Joseph is wearing a Chicago Black Hawks jersey and it can start a discussion about how professional sports teams have appropriated indigenous names and symbols.  Kent has replaced the face of the man on the jersey with his alter ego, trickster character Miss Chief who appears in many of Kent’s pieces in the Shame and Prejudice exhibit. 

The Mary figure is holding a rosary in her hand.  Instead of Jesus on the cross, there is a beaver. Beavers with praying hands look heavenward on the top frame of the exhibit which features Latin words that mean Love Conquers All.  

Adoration of the Magi by Jorg Stocker 1510

The placement of this installation is also interesting because just behind it in an adjoining gallery is another nativity scene that is very different from the one Kent has created.  

There are so many details in Kent’s nativity scene to notice and discuss. I think the tour I give my church will be the 15th one of the Monkman exhibit I have led and each time I learn something new from the visitors I show Kent’s work.  I am excited about what the people from my church may find this afternoon. 

Other posts………….

Incarceration

The Scream

Starvation

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Filed under Art, Holidays, winnipeg art gallery

The Last Scene Changed Everything

We saw the movie 1917 recently. Loosely based on an actual event from World War I the film tells the story of two British soldiers, Lance Corporal Tom Blake and Lance Corporal Will Schofield. They are tasked with delivering a message to a battalion commander at the front lines. This message directs the commander to call off a planned attack that will lead his men straight into a trap set up by the Germans. If the message does not arrive in time, nearly 1,600 soldiers will be killed, including Tom Blake’s brother. Unfortunately, Tom dies before they can reach his brother’s battalion but Will overcomes his initial cynicism about the assignment and due to his dogged determination finally succeeds in delivering the message. During the course of completing his mission, Will risks his life over and over again. He nearly dies on numerous occasions. He kills German soldiers.  He abandons a woman and baby who clearly want and need his help. He wades through a stream filled with bloated dead bodies. He runs through the heat of a battle to reach the bunker of the commander who needs to receive his message. A hero right?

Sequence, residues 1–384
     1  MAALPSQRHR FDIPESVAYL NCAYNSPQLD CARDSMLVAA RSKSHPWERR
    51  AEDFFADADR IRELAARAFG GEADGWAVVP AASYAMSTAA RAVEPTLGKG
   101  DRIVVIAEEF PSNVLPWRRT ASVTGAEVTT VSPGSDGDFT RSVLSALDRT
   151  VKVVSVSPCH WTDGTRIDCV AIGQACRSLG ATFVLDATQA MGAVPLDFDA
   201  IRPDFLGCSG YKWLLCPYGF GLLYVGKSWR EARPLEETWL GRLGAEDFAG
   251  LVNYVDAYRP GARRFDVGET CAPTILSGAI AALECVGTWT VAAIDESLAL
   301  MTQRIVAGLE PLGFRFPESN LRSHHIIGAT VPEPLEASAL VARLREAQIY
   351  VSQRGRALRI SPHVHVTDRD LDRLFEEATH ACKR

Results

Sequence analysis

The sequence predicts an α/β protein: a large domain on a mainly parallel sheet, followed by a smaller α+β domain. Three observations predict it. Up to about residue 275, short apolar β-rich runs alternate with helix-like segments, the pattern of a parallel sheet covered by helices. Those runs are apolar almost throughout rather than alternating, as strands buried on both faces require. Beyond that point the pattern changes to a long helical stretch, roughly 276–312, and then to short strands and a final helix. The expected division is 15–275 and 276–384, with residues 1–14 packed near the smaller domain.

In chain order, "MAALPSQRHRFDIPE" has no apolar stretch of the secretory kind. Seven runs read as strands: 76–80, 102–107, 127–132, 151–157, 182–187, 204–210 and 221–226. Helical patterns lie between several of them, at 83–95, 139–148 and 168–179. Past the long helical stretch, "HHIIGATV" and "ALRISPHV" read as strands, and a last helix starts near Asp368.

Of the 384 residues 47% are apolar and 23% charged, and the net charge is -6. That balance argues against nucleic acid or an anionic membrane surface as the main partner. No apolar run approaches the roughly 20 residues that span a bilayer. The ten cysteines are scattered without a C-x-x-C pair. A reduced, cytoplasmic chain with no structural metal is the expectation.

And then in one of the very last scenes of the movie he sits by a tree and pulls out photos of his wife and two daughters from his breast pocket. We have no idea up to that point that he is a family man. The director and script writer have revealed little of his inner life.  But seeing him look at his family photos made me think about what he would be like when he went home to them. The horror he has been through will have changed him in unthinkable ways.  Will his family even recognize the man he has become? Will he ever be able to be happy again? That scene changed everything for me.  I was angry Will had taken the risks he did, risks that could have meant his daughters would grow up without a father.  I wasn’t sure at all that he was a hero. 

Other posts……

Those Who Went to War and Those Who Didn’t

Wars Dread of Mothers

Why Is It Called Remembrance Day?

  

 

 

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Old Hat – New Hat

In 2008 my son’s girlfriend Alisa, who would become my daughter-in-law a few years later, knit a lovely green hat for me for Christmas.  I actually received the hat in July of 2009 because we were living and working in Hong Kong at the time and had spent Christmas of 2008 in Australia.  When we came home to Manitoba for the summer we had a Christmas lunch with our son and his girlfriend and exchanged presents. My husband took this photo of Alisa and me after I’d received my hat. Over the last decade, that hat has been on all kinds of adventures with me.